Purves was born in New Longton, near Preston, Lancashire, and was educated at the independent Arnold School in Blackpool. He had originally planned to go into teaching, training at Alsager College of Education, but began to act with the Barrow-in-Furness Repertory Company instead. He also attended Manchester Polytechnic and is a confirmed atheist.

Doctor Who

Purves first appeared on the show in the role of Morton Dill in "The Chase" after being cast by Director Richard Martin.

At twenty-six years old, Purves first became known to television audiences in 1965 as Steven Taylor, one of the early time-travelling companions in the programme Doctor Who, when the Doctor was played by William Hartnell. Purves has provided DVD commentaries for many of the surviving Doctor Who episodes he appeared in and documents the making of each of his Doctor Who stories in his autobiography, Here's One I Wrote Earlier. Purves was also a good friend of the actor Jon Pertwee, who played the Third Doctor.

Purves has said that he preferred the historical stories on the show.

Blue Peter

After leaving Doctor Who, Purves became a regular presenter on the children's magazine programme Blue Peter from 1967 to 1978. Purves co-presented Blue Peter first with John Noakes and Valerie Singleton and then with Noakes and Lesley Judd, during the programme's so called 'golden age'. After Noakes, Purves is the second longest serving male Blue Peter presenter.

Purves maintained his connection to Doctor Who throughout his time on Blue Peter, often hosting special features on the programme and interviewing the actors. These included many clips from episodes which are otherwise now lost, most notably The Daleks' Master Plan, in which Purves himself had appeared.

Dogs have featured in Purves's career since his Blue Peter days when he was given charge of one of the "Blue Peter Pets", Petra, a German Shepherd cross. He became so closely associated with Blue Peter the programme, "the sensible one", that he found his association difficult to shake off. Purves also presented the spin-off Blue Peter Special Assignment,

Subsequent television appearances

After leaving Blue Peter, Purves presented "Stopwatch" and "We're Going Places" and then later a spell as the front man for darts events on the BBC and as presenter of the long-running BBC1 motorbike trials series Kick Start. He also presented much of the BBC's darts coverage from 1979 to 1983.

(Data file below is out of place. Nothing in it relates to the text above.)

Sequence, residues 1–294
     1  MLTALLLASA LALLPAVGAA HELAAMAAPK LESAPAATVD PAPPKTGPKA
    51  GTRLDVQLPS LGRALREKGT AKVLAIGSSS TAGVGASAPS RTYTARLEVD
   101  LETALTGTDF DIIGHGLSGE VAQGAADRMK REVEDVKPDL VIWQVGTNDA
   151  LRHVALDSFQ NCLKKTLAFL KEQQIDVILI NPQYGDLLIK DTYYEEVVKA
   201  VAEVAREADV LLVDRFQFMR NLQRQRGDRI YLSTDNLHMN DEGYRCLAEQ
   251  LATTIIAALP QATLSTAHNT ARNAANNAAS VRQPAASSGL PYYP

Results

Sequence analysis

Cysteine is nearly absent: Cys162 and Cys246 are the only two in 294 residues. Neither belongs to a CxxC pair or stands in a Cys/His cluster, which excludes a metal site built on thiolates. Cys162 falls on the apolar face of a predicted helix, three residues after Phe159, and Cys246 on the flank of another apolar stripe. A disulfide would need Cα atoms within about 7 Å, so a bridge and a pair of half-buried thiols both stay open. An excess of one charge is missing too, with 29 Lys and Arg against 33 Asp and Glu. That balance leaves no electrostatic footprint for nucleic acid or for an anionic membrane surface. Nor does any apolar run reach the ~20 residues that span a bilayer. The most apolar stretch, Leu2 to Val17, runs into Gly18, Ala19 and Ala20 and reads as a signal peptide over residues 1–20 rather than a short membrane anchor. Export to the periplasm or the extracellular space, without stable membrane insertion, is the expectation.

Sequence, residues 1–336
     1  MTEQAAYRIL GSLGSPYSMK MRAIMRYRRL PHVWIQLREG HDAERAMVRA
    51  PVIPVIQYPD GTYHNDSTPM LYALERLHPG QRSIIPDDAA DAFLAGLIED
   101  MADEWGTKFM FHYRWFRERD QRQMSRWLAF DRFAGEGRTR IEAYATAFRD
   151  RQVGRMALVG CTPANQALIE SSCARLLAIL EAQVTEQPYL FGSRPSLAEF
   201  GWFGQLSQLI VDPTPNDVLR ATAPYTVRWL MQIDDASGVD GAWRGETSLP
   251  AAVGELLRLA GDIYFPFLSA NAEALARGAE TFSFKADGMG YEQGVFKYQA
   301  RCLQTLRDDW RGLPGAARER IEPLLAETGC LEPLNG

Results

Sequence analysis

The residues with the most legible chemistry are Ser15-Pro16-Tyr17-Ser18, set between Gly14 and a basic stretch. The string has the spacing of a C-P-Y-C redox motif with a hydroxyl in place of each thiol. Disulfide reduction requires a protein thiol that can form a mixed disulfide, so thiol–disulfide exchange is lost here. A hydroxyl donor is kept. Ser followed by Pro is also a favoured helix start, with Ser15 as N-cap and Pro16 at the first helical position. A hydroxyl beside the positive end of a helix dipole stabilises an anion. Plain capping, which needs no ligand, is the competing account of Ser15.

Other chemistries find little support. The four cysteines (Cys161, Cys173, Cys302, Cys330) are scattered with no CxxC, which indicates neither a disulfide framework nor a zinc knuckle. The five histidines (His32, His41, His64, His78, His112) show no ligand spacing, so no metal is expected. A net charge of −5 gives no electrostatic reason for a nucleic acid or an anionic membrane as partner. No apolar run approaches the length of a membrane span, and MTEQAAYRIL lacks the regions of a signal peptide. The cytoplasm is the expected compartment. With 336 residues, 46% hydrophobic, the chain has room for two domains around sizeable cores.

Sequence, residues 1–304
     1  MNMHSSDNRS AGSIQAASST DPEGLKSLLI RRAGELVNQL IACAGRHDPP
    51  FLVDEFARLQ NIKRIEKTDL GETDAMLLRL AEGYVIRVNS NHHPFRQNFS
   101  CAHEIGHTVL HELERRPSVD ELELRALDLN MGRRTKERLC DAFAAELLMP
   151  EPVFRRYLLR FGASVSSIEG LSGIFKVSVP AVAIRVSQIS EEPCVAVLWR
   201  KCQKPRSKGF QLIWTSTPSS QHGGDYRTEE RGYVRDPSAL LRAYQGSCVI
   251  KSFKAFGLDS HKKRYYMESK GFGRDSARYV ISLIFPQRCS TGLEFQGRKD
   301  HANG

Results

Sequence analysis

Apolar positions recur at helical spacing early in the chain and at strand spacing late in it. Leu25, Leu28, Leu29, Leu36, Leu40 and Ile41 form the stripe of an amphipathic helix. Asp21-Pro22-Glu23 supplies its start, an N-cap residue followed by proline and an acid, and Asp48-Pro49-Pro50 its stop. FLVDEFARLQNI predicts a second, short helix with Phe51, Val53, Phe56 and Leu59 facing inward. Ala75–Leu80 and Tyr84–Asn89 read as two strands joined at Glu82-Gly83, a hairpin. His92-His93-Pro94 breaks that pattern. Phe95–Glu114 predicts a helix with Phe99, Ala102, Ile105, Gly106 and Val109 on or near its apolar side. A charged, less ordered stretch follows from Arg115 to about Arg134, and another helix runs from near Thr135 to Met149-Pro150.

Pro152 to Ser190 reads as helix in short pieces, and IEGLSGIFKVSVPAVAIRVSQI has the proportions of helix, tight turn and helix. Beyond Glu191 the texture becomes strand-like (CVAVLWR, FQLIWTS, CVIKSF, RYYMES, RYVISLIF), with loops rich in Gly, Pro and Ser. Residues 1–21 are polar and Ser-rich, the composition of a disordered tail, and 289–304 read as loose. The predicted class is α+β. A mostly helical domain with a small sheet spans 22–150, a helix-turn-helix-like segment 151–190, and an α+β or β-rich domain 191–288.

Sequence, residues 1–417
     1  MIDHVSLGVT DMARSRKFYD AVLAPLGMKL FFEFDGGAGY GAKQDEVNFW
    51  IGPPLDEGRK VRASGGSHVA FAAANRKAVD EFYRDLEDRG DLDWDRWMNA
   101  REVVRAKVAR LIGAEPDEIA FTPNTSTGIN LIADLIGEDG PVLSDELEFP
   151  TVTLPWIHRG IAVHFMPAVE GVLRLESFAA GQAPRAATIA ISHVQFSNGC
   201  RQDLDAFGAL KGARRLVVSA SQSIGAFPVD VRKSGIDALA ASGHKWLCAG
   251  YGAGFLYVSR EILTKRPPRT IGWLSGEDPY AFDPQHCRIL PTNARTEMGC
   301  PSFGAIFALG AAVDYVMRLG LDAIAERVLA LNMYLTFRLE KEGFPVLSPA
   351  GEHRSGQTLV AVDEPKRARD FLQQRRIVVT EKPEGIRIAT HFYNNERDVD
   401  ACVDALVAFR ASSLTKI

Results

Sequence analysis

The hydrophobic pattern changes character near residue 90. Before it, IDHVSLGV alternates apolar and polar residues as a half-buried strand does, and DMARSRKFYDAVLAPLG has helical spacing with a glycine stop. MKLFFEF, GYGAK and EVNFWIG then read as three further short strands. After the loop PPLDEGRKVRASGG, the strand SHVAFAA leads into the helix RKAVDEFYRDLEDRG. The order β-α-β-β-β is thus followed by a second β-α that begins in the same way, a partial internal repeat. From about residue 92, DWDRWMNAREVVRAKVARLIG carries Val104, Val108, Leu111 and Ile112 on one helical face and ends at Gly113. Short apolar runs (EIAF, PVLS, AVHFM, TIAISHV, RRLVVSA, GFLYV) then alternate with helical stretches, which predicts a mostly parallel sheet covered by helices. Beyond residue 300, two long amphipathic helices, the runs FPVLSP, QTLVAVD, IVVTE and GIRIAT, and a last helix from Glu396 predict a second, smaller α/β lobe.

His later TV career has included cameo appearances in episodes of the soap opera EastEnders and sitcoms The Office and I'm Alan Partridge. In The Office episode "Training Day" Purves played himself in a customer care training video that David Brent and his staff were being shown (incidentally, Purves is a qualified business trainer and a motivational speaker).

Purves has had a thirty-year association with television coverage of major dog shows such as Crufts and in 2007 his appearance as a judge on the reality TV programme The Underdog Show. Purves also writes for the dog press and regularly presents at dog award shows. Marking his 70th birthday, his 2009 autobiography Here's One I Wrote Earlier was released at The Kennel Club.

In the theatre

Purves is a noted pantomime director enjoying a good working relationship with the Chuckle Brothers and has directed over 30 pantomime productions. In December 2012 Purves portrayed Alderman Fitzwarren in Dick Whittington at Harpenden Public Halls: this was the first time Peter performed in Pantomime since 1985. He is also an after-dinner speaker.

Purves lived for a time in Bilton, and now lives in the Suffolk village of Sibton. In 2008, Valerie Singleton revealed she had had a "brief fling" with Purves.

Biography from the wikipedia article, licensed under CC-BY-SA

Barrie Ingham (died 2015 aged 82) would have been 86 - 2 credits, including Paris in The Myth Makers

Barrie Ingham is an English actor of stage, television and film.

He played Alydon in the 1965 feature film Dr. Who and the Daleks and Paris in the Doctor Who television serial The Myth Makers.